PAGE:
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Aging Eggs: Exciting Research Is on the Horizon
We get tired as we age, and so do our eggs — the oocytes don’t have enough energy to go through the rapid cell division for fertilization. It becomes harder to get pregnant naturally and through fertility treatments such as in vitro fertilization (IVF). These aging eggs are more likely to have chromosomal abnormalities known as aneuploidy, less likely to develop into embryos once fertilized, and if they do develop, they are more likely to not implant or be lost through miscarriage.
OvaScience, a Boston-based life science company has set out to find a solution that will increase the success of IVF by allowing a woman to "rejuvenate" her aging eggs with her own high quality mitochondria — the structures that produce adenosine triphosphate (ATP), which is the energy that cells need. "There have been a lot of studies to show that poor quality eggs have less mitochondria or less ATP than high quality eggs," says Scott Chappel, Ph.D., OvaScience's Chief Scientific Officer. "This [technology] is changing the quality of the oocyte by not by doing anything abnormal, because it's basically the patient's own mitochondria that are being put back in."
Embryologist Jacques Cohen, who was one of the first embryologists to examine the distinct differences in oocyte quality of older women, developed a procedure known as cytoplasmic transfer in the mid 1990s. "He postulated that there was something present in the younger woman's oocyte that was not present in the older woman's oocyte," Chappel explains. "So he performed cytoplasmic transfer, where he sucked out very small volume amounts of cytoplasm from a younger woman's [donor] oocytes and injected it into the oocyte of an older woman. And the quality of the oocyte of the older woman dramatically improved, fertilization rates increased, implantation rates increased, and take home baby rates dramatically increased."
Cohen found out that the "active ingredient" in the cytoplasm that improved the quality of the older woman's eggs was mitochondria. "It became understood through animal studies and subsequent studies that after fertilization of the oocyte — when you go to cell division and making new cell membrane, making new chromosomes — that requires a lot of energy," Chappel says. "Even though [the older women] may have had an adequate number of mitochondria, the quality and ability of the mitochondria to make ATP ... the amount of ATP was diminished in the oocytes of mature woman. So [Cohen] had actually transferred mitochondria that were more efficient at making ATP into the older woman."
There was concern, however, with cytoplasmic transfer, because mitochondria has its own DNA, and the resulting children would be genetically linked to three parents. IN 2001, the Food and Drug Administration banned cytoplasmic transfer of third party mitochondria in the United States until lengthy clinical studies could be conducted.
"It was clear that this technology worked, because it dramatically improved success rates," Chappel says. "Everybody in the field believes that this technology would work, but two criteria need to be satisfied." And those criteria are:
- The mitochondria used to regenerate the eggs, need to be autologous, meaning they come from the patient's own body.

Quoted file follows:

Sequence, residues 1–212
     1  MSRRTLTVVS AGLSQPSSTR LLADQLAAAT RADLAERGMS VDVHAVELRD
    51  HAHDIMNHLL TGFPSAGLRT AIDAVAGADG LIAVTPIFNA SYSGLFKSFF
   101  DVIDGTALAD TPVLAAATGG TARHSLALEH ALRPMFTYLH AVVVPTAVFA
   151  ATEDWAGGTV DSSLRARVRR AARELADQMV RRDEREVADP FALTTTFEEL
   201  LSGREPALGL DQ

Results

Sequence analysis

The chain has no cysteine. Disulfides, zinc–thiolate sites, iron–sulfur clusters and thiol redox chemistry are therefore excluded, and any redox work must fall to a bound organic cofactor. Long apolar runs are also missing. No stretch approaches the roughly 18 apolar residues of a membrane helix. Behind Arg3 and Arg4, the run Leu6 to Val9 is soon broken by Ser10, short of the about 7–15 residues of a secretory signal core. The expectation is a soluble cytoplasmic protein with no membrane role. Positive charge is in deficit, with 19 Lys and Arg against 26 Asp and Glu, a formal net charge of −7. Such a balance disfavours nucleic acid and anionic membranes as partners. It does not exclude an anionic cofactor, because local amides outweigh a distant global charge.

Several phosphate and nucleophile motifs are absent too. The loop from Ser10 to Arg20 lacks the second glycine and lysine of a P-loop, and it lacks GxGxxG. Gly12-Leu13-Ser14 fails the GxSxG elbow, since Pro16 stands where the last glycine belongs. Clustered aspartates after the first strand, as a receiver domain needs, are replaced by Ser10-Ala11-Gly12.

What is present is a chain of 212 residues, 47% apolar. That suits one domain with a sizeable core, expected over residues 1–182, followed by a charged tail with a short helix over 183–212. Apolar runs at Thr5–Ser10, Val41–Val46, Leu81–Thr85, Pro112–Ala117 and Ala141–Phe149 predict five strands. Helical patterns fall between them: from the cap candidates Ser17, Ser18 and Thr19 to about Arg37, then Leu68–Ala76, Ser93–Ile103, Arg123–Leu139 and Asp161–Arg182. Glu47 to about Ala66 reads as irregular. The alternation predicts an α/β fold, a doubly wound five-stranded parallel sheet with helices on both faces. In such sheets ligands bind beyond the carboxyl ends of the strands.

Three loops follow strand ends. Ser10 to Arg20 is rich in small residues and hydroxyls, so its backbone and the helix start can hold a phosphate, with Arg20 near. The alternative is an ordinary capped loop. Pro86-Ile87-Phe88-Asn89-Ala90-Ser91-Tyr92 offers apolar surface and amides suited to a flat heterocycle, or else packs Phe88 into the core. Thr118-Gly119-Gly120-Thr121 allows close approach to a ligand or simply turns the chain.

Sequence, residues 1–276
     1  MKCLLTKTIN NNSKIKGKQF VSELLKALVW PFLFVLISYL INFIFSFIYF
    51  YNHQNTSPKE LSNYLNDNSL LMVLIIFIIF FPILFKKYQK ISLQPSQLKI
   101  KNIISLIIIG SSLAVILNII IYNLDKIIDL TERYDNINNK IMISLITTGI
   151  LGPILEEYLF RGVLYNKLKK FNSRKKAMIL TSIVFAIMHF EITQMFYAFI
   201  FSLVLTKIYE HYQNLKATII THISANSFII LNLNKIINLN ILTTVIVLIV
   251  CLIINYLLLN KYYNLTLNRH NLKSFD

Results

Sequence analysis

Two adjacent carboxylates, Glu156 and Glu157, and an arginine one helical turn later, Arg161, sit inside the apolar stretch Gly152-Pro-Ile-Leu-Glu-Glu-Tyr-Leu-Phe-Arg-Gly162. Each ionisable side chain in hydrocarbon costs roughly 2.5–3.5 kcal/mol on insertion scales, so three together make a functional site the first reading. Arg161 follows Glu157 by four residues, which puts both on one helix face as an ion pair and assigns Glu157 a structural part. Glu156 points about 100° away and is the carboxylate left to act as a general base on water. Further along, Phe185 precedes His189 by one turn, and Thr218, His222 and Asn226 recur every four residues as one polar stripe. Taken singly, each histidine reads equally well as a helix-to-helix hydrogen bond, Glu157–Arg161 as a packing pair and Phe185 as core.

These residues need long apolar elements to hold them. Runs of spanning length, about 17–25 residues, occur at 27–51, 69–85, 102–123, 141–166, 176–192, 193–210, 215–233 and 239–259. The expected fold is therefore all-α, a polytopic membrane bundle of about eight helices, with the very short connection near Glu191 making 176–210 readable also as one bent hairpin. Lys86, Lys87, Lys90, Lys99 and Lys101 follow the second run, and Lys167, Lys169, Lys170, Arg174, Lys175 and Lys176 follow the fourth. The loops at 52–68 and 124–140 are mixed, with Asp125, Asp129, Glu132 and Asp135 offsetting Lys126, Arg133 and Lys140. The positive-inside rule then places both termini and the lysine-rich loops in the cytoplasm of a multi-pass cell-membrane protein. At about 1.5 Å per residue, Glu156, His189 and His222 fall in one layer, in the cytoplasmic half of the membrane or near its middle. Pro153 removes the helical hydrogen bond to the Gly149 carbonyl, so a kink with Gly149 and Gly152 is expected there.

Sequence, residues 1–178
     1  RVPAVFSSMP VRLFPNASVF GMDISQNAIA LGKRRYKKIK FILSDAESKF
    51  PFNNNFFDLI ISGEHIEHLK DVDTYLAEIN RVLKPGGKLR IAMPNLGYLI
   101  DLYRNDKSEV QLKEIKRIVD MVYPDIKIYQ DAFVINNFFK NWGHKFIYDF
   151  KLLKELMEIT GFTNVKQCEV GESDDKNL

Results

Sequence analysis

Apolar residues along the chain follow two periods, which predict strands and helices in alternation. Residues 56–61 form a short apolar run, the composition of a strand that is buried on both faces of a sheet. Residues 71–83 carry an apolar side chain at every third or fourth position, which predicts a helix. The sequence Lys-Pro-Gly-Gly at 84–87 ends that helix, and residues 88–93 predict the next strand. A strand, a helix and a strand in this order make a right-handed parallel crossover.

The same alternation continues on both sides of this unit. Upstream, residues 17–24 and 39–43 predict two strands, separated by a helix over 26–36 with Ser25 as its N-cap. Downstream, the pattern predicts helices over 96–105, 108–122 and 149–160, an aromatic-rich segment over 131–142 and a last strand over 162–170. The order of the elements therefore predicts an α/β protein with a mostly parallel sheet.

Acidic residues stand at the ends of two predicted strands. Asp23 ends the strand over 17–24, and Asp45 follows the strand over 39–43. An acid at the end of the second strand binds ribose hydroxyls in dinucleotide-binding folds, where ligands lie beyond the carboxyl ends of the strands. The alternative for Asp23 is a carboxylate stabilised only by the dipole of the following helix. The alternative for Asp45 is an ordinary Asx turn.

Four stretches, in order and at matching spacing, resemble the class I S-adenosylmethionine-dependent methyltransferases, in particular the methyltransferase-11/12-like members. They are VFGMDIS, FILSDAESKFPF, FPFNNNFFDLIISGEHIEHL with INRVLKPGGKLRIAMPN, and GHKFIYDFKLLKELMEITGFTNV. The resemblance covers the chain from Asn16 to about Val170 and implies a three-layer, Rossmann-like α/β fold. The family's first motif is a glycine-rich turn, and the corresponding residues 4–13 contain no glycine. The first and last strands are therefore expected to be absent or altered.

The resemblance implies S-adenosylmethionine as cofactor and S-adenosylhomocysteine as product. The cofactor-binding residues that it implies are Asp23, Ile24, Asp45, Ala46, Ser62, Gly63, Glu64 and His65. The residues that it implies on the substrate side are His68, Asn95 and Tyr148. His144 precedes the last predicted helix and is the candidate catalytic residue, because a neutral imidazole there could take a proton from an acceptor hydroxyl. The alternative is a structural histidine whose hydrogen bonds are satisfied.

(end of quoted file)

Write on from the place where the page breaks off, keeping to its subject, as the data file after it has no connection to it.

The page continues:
- The mitochondria has to be germ-liine mitochondria, meaning that it must have pristine mitochondrial DNA with no deletions or mutations.
In 2004, Jonathan Tilly, Ph.D., co-founder of OvaScience, published a paper in the journal Nature on his discovery in adult mice. He found stem cells that are capable of generating new eggs. "it's been demonstrated that these stem cells exist in humans, and Tilly has published a number of papers to demonstrate it," Chappel says. "We would call them dormant, and then by some process that we don't understand, they begin their development, and they become primordial follicles and alternately they become regular Graafian follicles, and ultimately they are ovulated."
These oocyte stem cells are the source for the woman's own germ-line mitochondria that can be used to rejuvenate her eggs.
Clinical Trial in 2012
OvaScience is planning a clinical trial with two Boston fertility centers during the second quarter of 2012. "This trial that we're about to begin in Q2 is basically a safety and efficacy trial, so this will be the first time that the woman's own mitochondria will be used," Chappel says.
The scientists will enroll women ages older than 35 and less than 42 who have two previous failed IVF cycles in which the reason for failure is not severe male factor, endometriosis or any anatomical issue. In addition, the women cannot have a condition such as diabetes or polycystic ovarian syndrome (PCOS). The women would come in at the beginning of the IVF cycle for a laparoscopic biopsy of tissue from the ovarian epithelium. This is sent to a laboratory, and the oocyte stem cells are purified from the other cells, and the mitochondria is extracted from the stem cells. After the woman's eggs are retrieved, they are fertilized with intracytoplasmic sperm injection (ICSI) along with a "dose" of her own high quality mitochondria.
"The IVF procedure isn't disturbed at all," Chappel says. "The only thing different is that a couple of months before, she had a biopsy to collect the tissue."
"This is one of the first real advances that have been made in infertility treatment in a long time," he continues. "This is changing the quality of the oocyte — not by doing anything abnormal because it's basically the patient's own mitochondria that are being put back in."